Three Amigos
Knowing we have lots of work to do to complete this water well, we got an early start this morning. Our goal for today was to drill to a depth of 200 feet. We were making great progress until we hit another brick wall — another broken part. This meant shutting everything down until we could get the part fixed. The delay also meant another night of drilling until we hit our required depth. No problem. Every person on the team is determined to get the job done.

Jim Hughes
I am very proud of our team. Every one of the guys is a hard worker and takes initiative. No whining or complaining from these guys. I have watched them work to the point of exhaustion and then give a little more. Jennifer Frank, Gustavo’s wife, is the only woman on our team. She has been working with Agua Viva staffer Lorena Perez to teach hygiene lessons to moms and kids. These gals have also worked long hours each day without complaint. Sharing this adventure with this team is an enjoyable experience.

Gustavo and Jennifer
Having led several teams to drill water wells in partnership with our friends at Living Water International, I can honestly say that this team has hit more brick walls than usual. In addition to starting over three times, dealing with broken parts, and moving lots of equipment more than once, this team has had to do most of this in the rain. We have worked long hours soaked to the bone. But again, no problem. This team wants to bless the people of Los Amates with clean water and is not about to let any brick wall stop them.

Time Poverty

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Los Amates, El Salvador

The caserÍo of Los Amates was a muddy mess today. The main road through this jumble of ramshackle houses is not paved. Recent rains have turned the road into a muddy slip and slide. And to make matters worse today, it rained again. The people who live here, however, have learned to live with inconveniences like mud and heat and inescapable humidity and muddy shoes and feet. Inconvenience is a way of life here.

Perhaps the greatest inconvenience at Los Amates is the lack of access to reliable sources of water. This morning we walked down to Rio Sonsonate, the river that separates the houses of Los Amates from the cane fields. The river is indeed polluted. Local leaders told us about the health problems and skin rashes that the people constantly battle because of the filthy water. The shallow hand-dug wells are no better than the river.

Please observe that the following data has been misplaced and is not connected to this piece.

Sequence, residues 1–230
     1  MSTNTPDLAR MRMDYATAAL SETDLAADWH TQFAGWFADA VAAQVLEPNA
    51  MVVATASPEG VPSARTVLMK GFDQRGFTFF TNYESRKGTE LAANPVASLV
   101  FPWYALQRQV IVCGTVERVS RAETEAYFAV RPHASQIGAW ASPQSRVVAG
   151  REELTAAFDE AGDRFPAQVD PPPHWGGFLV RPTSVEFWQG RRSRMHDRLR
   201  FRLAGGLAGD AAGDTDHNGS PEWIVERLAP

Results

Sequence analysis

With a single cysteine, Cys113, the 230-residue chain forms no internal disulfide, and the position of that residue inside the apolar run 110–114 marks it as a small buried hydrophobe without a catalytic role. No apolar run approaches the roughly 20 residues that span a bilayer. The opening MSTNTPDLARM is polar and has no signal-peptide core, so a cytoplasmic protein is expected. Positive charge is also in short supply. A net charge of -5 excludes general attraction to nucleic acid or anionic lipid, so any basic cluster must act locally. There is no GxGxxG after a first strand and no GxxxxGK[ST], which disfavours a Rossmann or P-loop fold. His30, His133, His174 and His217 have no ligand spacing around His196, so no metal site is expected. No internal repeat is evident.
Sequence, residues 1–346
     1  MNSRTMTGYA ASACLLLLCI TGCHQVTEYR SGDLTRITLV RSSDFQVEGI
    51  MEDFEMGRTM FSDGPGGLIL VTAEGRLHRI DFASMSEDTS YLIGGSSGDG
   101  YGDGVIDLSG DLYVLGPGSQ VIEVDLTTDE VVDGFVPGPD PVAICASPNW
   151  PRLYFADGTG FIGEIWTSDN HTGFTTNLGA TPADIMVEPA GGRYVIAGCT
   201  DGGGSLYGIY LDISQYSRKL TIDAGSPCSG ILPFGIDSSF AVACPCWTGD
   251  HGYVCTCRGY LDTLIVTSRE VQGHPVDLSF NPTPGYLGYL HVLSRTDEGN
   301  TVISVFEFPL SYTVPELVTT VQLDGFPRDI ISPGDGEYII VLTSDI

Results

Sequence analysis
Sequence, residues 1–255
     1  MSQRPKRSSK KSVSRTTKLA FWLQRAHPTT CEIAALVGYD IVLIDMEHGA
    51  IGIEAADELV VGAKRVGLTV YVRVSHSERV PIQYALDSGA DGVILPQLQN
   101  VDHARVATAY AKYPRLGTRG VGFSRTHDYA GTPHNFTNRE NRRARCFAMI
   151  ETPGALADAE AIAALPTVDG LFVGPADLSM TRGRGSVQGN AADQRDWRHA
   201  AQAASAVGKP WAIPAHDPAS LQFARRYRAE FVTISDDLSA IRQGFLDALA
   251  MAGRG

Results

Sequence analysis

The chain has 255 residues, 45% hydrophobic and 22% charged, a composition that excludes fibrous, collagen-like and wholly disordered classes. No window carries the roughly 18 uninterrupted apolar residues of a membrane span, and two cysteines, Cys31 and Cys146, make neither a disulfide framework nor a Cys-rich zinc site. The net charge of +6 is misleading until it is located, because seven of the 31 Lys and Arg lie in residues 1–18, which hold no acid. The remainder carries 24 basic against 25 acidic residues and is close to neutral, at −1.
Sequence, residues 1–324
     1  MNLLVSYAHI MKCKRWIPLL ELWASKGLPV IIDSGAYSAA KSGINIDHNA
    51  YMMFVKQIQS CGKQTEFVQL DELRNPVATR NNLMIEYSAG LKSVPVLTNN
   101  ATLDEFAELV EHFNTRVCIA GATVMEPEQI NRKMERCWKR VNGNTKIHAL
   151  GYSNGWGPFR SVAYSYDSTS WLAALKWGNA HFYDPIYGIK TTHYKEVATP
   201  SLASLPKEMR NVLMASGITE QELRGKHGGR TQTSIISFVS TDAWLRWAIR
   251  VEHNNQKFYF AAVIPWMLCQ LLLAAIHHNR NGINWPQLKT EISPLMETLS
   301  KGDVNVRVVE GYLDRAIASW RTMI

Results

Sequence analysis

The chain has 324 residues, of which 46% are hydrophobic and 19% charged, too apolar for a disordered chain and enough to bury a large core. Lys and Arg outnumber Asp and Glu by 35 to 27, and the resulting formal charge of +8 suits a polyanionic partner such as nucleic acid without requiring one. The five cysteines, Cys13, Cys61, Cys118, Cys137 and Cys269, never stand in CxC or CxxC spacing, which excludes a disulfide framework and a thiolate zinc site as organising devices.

We met a fourteen year-old girl named Alma at the river. She was one of several young girls doing laundry there. Alma and the other girls in the area spend several hours a day on water related tasks. They have to walk long distances from their homes to the river to fetch water for daily needs, sometimes several times a day. Like other women around the globe who devote untold hours a day doing the same, Alma and her friends suffer from time poverty.

Drilling a water well for the people of Los Amates will do more than provide clean water for the families in the area. The community water well will give all of the families a reliable source of clean water that is closer to them than the river. That means that young girls like Alma will not have to walk as far to fetch water for their families. This will free up time for young girls to go to school and for mothers to spend with their children. And, the clean water should alleviate a number of health issues.

The rain today did not slow down our team. We are determined to provide the gift of clean water for the people of Los Amates. And, the local pastor who prayed for our team this morning is doing a great job of telling the people about Jesus, the Living Water. This week, we are working together to improve the lives of the people who live here. After our team returns home, the pastor will continue his work of telling people how their deepest thirst can only be quenched by the Living Water.